Recall of Parliament

45007Last Friday, both Houses were recalled to discuss military action in Iraq.  When the recall was announced on Wednesday, I spent some time correcting media reports that the Speaker had authorised the recall of Parliament.  The Speaker can only authorise the recall of the House of Commons.  The Lord Speaker authorises the recall of the House of Lords.   Since the war, both Houses have been recalled almost thirty times, usually to discuss an international crisis, but occasionally for other purposes – for example, tributes on the death of Queen Elizabeth the Queen Mother and Baroness Thatcher.

There is an interesting difference in terms of the conditions for recall between the two Houses.  Under the Standing Orders of the House of Commons, the Speaker, having received representations from the Government, may recall the House if satisfied that the public interest requires it.  The Speaker cannot act on his own initiative.  In the Lords, Standing Orders provide for a recall if the Lord Speaker (or, in her absence, the Chairman of Committees), after consultation with the Government, is satisfied that that it is in the public interest.   The wording would suggest that the Lord Speaker may take the initiative.  There is a requirement to consult the Government, but no stipulation that a negative response would prevent a recall.  The likelihood of the Lord Speaker acting on her own initiative are doubtless extremely slim, but, if my reading of the Standing Orders is correct, it gives the House of Lords somewhat greater scope for assembling, despite the wishes of the Government, than exists with the House of Commons.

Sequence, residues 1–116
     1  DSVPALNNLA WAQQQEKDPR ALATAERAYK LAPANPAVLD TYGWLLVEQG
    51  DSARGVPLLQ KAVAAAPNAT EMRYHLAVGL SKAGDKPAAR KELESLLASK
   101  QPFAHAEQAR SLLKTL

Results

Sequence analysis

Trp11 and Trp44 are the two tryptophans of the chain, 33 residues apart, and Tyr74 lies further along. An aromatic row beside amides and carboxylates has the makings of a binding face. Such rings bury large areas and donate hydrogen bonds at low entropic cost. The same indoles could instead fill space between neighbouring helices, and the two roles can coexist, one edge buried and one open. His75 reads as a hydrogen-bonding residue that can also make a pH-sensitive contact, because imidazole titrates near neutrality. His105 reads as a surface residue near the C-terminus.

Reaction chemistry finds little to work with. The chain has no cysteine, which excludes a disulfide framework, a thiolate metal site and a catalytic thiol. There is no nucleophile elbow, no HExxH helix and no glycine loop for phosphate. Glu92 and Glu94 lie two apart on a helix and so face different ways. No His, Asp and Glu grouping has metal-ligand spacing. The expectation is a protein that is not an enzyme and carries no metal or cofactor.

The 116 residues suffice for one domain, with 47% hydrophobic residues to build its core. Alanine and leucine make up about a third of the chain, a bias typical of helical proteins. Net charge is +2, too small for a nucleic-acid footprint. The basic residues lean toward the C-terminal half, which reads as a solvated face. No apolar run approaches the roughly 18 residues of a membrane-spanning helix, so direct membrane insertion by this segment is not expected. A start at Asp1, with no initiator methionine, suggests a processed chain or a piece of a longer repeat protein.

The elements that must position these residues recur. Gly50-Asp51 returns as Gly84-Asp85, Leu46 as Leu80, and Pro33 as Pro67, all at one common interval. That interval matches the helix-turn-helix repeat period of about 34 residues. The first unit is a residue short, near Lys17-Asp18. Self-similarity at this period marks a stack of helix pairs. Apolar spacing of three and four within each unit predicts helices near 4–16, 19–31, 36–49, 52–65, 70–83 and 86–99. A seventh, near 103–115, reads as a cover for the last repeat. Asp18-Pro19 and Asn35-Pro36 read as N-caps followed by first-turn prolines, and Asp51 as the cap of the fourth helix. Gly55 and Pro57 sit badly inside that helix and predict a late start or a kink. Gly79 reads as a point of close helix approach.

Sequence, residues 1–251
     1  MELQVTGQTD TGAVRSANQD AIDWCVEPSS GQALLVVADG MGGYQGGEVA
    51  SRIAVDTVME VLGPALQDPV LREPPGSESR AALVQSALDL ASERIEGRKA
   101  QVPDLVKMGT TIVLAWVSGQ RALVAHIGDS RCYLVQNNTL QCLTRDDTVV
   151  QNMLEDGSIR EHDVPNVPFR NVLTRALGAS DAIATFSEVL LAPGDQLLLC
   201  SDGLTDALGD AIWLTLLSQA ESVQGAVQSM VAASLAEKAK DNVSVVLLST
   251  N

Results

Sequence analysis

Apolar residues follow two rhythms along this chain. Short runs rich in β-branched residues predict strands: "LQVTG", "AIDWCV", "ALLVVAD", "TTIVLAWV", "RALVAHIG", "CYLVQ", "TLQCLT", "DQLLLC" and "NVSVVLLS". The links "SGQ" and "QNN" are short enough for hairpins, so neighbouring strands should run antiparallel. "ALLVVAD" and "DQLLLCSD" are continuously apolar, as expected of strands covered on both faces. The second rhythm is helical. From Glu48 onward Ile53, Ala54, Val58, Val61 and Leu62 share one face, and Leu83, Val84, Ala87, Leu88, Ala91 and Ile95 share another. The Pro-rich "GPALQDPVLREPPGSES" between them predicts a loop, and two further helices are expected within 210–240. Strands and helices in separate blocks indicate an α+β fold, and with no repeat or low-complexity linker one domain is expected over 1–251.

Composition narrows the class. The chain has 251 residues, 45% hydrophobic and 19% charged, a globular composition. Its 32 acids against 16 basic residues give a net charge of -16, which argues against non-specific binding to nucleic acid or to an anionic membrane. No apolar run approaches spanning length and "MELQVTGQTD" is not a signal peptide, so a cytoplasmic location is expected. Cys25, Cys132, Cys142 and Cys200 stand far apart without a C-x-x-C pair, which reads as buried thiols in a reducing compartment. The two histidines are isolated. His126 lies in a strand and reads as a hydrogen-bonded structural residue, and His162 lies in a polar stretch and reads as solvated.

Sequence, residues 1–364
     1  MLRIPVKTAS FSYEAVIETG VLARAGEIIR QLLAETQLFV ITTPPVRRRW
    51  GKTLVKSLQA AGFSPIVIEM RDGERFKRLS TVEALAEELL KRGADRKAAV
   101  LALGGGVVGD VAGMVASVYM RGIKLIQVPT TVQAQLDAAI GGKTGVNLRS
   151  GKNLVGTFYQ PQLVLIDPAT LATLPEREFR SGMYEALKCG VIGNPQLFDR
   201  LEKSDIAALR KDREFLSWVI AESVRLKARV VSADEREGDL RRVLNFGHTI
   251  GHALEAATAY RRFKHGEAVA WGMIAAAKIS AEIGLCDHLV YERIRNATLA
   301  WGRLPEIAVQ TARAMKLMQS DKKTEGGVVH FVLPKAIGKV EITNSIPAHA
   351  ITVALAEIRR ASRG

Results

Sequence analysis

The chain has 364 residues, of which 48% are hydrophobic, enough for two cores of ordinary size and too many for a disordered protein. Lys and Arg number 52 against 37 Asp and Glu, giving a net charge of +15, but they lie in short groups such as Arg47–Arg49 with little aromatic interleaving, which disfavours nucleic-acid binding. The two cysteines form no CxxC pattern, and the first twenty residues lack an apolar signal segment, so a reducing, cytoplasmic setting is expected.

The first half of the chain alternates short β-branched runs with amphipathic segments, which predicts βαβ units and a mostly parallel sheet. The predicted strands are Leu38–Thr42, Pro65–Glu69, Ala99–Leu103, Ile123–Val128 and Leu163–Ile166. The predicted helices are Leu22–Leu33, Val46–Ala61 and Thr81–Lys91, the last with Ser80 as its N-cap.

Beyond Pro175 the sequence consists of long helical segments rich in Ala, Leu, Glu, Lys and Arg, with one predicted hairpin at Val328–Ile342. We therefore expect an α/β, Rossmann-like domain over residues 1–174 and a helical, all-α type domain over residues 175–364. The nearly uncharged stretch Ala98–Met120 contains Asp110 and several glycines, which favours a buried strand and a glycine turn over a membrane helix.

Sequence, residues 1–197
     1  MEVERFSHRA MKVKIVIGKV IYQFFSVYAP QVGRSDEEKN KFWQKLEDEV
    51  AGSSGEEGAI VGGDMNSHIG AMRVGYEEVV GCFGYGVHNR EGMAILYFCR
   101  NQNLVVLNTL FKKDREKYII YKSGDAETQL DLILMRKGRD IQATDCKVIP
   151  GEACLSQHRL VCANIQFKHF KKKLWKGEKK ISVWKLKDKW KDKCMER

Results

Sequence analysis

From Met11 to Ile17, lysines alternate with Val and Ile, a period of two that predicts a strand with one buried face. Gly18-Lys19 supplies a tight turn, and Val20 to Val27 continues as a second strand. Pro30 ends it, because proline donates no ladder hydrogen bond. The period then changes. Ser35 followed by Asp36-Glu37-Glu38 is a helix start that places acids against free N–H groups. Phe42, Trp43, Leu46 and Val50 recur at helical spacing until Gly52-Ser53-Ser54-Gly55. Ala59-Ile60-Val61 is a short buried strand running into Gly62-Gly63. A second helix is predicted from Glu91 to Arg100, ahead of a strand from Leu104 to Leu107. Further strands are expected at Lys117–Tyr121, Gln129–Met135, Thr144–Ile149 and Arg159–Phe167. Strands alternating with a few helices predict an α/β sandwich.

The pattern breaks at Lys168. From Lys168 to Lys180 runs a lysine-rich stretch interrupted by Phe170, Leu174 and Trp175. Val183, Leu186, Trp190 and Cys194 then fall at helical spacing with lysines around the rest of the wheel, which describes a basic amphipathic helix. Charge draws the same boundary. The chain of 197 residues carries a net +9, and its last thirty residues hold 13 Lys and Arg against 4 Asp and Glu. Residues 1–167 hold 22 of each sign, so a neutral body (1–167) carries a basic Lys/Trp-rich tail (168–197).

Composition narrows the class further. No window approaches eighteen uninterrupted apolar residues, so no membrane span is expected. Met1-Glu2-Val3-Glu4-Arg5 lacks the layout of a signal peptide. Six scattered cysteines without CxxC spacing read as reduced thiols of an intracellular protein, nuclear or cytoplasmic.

About Lord Norton

Professor of Government at Hull University, and Member of the House of Lords
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4 Responses to Recall of Parliament

  1. RichR says:

    Did the Standing Orders use the same phrasing back when it was the Lord Chancellor, a member of the Government, who presided in the Lords?

    • JH says:

      SO 16 (of a 2002 copy of the SOs) said:

      16. – (1) If, during any adjournment of the House, the Lord Chancellor is satisfied that the public interest requires that the House should meet at a time earlier than that appointed, he may signify that he is so satisfied and notice shall be given and thereupon the House shall meet at the time stated in the notice, as if it had been duly adjourned to that time.

      (2) If the Lord Chancellor is unable to act for the purposes of this Standing Order, the Chairman of Committees, after consultation with Her Majesty’s Government, may act in his stead.

      So the distinction was there then (although less stark given the LC’s multiple role).

  2. An excellent and timely post about a crucial issue for modern parliamentary government. Proposals for reforming the unacceptable situation in the Commons – where MPs cannot precipitate the recall of the Commons, but apparently the Government of Iraq can – have been buried, because of the Government’s control over that House. I discussed this in a Constitution Unit Blogpost at the time of last year’s recall over the death of Baroness Thatcher: